Mexican Governors Unite Against Federal Policies
MEXICO CITY — In Mexico, like in the United States, some governors are disagreeing with the federal government’s fiscal and health policies during the pandemic. And they are forming a coalition to fight back.
It’s nearly a dozen governors who call themselves the “Federalist Alliance.” Some of the represented states are connected to the U.S. either by the border, like Chihuahua, or trade, like Guanajuato. The list also includes, depending on the issue, the states of: Aguascalientes, Colima, Coahila, Durango, Jalisco, Michoacán, Nuevo León, Querétaro, San Luis Potosí and Tamulipas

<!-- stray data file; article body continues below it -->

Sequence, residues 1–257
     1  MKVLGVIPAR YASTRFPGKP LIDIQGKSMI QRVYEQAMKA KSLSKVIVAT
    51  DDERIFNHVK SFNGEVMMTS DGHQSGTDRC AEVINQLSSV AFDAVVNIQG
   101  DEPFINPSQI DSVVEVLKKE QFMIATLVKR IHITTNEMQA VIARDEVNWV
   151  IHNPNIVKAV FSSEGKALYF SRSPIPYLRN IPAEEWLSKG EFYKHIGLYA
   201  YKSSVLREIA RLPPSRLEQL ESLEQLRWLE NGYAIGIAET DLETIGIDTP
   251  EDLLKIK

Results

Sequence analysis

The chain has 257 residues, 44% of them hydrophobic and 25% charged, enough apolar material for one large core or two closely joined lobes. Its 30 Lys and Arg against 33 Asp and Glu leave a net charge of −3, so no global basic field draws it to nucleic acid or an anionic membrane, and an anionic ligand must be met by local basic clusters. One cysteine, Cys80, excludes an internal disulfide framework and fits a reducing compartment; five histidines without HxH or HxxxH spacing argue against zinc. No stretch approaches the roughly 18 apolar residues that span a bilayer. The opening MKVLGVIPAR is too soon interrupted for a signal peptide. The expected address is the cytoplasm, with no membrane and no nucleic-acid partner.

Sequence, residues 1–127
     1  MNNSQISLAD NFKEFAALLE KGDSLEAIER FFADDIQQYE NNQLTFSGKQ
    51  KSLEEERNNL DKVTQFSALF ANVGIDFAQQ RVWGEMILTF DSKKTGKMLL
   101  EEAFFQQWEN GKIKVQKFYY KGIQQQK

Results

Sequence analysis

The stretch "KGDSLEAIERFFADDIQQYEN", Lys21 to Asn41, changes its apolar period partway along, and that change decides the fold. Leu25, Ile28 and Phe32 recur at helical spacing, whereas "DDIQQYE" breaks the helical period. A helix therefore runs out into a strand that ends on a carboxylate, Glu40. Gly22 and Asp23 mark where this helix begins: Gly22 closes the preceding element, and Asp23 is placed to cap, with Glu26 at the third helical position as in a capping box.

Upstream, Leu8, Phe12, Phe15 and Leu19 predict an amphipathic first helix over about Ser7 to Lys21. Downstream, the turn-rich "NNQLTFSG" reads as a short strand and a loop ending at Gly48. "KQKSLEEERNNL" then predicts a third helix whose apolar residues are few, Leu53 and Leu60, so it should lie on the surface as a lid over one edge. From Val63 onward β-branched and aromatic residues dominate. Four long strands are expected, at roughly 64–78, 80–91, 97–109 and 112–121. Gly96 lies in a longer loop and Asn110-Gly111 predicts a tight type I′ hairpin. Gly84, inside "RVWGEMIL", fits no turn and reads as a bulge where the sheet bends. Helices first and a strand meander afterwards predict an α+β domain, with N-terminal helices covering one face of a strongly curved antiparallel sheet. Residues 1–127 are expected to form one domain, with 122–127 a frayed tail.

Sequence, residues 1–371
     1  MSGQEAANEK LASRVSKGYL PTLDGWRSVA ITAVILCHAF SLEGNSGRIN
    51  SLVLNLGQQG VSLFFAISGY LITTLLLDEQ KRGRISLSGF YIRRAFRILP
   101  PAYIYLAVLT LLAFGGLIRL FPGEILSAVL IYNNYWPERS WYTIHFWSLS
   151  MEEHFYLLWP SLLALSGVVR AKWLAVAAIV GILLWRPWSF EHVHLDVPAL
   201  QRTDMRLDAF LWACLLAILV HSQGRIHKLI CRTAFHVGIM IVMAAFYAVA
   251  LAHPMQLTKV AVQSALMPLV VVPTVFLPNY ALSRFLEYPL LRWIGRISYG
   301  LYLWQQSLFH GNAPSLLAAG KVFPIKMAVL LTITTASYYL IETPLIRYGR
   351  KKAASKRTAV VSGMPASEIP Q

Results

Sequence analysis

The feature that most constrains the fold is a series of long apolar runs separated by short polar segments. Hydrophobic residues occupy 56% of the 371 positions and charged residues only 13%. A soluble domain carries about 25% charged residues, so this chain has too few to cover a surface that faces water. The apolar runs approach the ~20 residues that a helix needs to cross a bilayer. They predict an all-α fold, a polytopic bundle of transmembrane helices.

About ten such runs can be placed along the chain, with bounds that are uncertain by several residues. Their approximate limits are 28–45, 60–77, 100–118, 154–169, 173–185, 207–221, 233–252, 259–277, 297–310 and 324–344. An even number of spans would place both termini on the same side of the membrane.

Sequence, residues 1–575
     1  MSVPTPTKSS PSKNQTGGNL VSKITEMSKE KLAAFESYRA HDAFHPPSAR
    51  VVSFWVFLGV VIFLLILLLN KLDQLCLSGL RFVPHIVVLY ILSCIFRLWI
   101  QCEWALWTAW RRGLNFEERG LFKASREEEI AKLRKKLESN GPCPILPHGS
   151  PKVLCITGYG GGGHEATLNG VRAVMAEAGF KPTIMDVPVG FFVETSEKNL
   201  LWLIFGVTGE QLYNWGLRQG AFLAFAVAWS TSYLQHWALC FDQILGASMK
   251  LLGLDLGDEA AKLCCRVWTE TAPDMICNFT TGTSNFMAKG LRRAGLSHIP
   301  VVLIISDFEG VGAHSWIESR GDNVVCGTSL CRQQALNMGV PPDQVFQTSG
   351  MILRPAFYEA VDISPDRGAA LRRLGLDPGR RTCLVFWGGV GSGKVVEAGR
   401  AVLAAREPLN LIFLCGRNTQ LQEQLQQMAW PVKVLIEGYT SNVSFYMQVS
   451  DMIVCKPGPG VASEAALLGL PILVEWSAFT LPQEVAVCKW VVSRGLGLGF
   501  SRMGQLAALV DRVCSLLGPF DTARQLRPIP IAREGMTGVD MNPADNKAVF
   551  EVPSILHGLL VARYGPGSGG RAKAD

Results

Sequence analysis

Sergio Bárcena is a political science researcher at Mexico City’s Tec de Monterrey university. He explained the governors don’t belong to the Mexican President Andrés Manuel López Obrador’s party (Morena), and are seeking more autonomy from the federal government in handling issues at the state level, as well as their budgets.
“States receive less than 20 percent of the total federal income,” said Bárcena.
The group, Bárcena said, wants transparency on the resources handled by the federal administration, including the number of health workers assigned to each state during this pandemic.
Bárcena says the alliance wants the federal government to provide some kind of relief to those affected economically by the pandemic, called "Universal Security Plan," instead of spending on construction projects such as airports, refiniries and touristic trains.
They also want the resignation of Mexico’s COVID-19 czar, Hugo López-Gatell, accusing him of failing in his task, not providing truthful information and not even wearing a face mask, just like the president.